When you take part in a Zoom meeting, you can see your own face on the screen and you should be fully aware that your co-workers can see you and whatever is behind you. This has resulted in some hilarious situations as children, pets, and spouses have wandered into meetings.

But it's also possible that your boss is watching you when you're not aware of it. Or it's possible that your boss is watching your family when they aren't aware of it. If you're not in a meeting, your spouse may think it's OK to come in and change his clothes in the bedroom where you're working, but, whoopsie, the boss gets a show.

It's not just video cameras, it can also be screen monitoring. The New York Times reports that Hubstaff, a software company that provides tracking screenshots to bosses, has tripled its sales since March--that's when everyone who could work at home started working at home. 

While any boss who has enough time to review screenshots of all their employees clearly needs more work to do, the fact that bosses have this ability is a bit scary.

It's perfectly legal for bosses to monitor what you do on your company-provided laptop. They can demand that you download and use such tracking software. If it's a bring-your-own-device situation, it becomes more complicated. Is the software turned off when you're not working, or is your boss getting screenshots of your personal email and bank account information?

Then, let's talk about Alexa and Siri, and every other smart device in your house that is voice-activated. Do you (or your employees) do confidential work? Are you OK with these electronic devices recording and sharing your private information? Most of what we do just isn't that interesting, but the wrong person with the right technology could take advantage of this.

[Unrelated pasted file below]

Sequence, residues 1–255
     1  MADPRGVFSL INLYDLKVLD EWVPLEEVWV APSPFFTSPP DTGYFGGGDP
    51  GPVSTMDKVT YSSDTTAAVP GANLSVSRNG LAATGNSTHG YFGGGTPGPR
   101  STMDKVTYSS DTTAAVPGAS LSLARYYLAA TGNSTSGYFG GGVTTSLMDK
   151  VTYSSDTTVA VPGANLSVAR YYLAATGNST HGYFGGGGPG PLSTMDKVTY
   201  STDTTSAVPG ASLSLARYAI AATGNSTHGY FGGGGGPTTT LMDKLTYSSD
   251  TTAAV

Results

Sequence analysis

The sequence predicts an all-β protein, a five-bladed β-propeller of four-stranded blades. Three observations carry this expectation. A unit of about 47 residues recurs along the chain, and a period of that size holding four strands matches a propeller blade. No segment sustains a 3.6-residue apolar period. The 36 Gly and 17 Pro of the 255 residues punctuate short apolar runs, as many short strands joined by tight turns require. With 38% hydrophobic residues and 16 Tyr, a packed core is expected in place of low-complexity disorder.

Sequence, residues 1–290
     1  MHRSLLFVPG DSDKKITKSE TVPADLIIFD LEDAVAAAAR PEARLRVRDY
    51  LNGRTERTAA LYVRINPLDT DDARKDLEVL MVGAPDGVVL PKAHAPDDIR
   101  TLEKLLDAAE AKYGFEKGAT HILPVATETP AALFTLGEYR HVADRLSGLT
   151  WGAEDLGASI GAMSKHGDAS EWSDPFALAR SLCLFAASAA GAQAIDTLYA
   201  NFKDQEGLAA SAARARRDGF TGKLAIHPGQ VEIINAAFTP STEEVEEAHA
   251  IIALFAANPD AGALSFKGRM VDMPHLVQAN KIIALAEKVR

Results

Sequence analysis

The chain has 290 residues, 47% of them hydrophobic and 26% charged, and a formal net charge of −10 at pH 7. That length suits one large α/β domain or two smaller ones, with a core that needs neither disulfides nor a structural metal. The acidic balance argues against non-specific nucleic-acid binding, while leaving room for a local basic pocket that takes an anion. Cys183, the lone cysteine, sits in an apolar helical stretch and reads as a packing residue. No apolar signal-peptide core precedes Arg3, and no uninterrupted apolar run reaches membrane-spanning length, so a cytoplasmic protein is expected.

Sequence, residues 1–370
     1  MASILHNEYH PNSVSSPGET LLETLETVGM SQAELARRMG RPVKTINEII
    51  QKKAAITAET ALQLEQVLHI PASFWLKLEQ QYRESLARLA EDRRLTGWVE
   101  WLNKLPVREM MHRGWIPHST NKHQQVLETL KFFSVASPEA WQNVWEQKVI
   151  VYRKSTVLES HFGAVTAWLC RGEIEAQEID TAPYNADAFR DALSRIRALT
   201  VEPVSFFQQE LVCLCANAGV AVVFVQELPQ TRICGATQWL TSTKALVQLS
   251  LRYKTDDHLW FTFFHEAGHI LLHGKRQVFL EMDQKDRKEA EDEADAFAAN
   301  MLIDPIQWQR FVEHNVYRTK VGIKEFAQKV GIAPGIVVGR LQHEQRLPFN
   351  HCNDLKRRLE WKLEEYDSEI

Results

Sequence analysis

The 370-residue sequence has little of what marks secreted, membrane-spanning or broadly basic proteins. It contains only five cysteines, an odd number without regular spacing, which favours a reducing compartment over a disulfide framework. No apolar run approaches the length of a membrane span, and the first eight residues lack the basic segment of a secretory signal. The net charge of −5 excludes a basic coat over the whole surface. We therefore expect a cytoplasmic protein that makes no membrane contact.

So, what's a manager to do? How can you know if your employees are working if you don't use these high-tech methods to monitor them? It's not as hard as you may think. Here's what to do.

  • All non-exempt employees need to track their hours. No exceptions.
  • Look at the resulting work product from your employees.

That's it. Two things. Time tracking for people who are eligible for overtime and looking at productivity for the others.

You don't need to know that Jon flips back and forth between his spreadsheets and Twitter. You don't need to know that Jane does her work with a cat on her lap. You don't even need to know if Holly is working eight hours straight or if she's working two hours here and two hours there. What matters is if the work gets done.

If you feel like you can't judge without knowing time, pull out the employee's yearly goals and look at those. It's unlikely that you wrote "works eight straight hours without getting out of her chair" on Holly's goals. More likely you wrote things about her actual job--client goals, accuracy, financial responsibilities, etc. That's what you need to focus on.

Leave the spy stuff to the spies. Don't make your employees feel uncomfortable. And, perhaps, tell Alexa to turn herself off. That's what former Amazon executive Robert Frederick does. That's probably a pretty good indication that you want to do the same.